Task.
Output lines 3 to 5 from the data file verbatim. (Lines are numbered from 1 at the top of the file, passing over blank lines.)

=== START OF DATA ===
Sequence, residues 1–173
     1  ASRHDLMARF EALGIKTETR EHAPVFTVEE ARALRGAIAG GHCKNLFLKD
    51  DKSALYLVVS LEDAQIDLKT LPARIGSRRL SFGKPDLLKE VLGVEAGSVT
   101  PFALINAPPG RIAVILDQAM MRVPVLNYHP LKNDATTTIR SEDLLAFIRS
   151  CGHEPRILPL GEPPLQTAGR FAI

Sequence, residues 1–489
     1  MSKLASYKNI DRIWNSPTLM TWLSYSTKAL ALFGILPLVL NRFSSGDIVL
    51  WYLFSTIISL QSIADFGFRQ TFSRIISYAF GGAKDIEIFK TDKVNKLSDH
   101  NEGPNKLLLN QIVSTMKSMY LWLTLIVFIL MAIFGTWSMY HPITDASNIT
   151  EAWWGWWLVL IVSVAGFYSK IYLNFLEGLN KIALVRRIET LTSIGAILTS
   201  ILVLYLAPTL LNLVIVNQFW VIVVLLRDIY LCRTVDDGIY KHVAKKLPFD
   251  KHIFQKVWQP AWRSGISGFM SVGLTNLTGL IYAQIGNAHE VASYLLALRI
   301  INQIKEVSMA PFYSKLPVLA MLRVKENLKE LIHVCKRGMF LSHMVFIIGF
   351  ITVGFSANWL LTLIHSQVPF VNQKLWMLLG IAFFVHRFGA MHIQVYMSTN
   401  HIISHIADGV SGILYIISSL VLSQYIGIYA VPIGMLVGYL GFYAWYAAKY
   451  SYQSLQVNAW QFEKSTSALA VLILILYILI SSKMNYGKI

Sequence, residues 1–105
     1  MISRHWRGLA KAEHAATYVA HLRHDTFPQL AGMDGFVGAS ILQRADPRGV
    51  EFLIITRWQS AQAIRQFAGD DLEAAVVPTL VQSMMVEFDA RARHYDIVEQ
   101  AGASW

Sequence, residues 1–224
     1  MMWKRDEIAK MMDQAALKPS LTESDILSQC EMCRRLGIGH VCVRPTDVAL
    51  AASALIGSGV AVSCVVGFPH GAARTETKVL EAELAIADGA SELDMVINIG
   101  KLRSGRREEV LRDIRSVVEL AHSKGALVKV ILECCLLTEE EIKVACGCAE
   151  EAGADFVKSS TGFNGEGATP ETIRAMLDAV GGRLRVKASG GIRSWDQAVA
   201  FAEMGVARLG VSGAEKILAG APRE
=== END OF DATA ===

    51  DKSALYLVVS LEDAQIDLKT LPARIGSRRL SFGKPDLLKE VLGVEAGSVT
   101  PFALINAPPG RIAVILDQAM MRVPVLNYHP LKNDATTTIR SEDLLAFIRS
   151  CGHEPRILPL GEPPLQTAGR FAI